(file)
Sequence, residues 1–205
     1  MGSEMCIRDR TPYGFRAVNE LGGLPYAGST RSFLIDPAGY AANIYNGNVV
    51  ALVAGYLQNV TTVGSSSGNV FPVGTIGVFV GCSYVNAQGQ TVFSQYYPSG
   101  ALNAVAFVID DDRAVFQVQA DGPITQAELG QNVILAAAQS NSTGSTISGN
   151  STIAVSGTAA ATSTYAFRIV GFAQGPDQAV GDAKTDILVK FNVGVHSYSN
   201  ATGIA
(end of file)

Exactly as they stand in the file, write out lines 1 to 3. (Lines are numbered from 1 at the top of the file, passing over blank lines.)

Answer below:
Sequence, residues 1–205
     1  MGSEMCIRDR TPYGFRAVNE LGGLPYAGST RSFLIDPAGY AANIYNGNVV
    51  ALVAGYLQNV TTVGSSSGNV FPVGTIGVFV GCSYVNAQGQ TVFSQYYPSG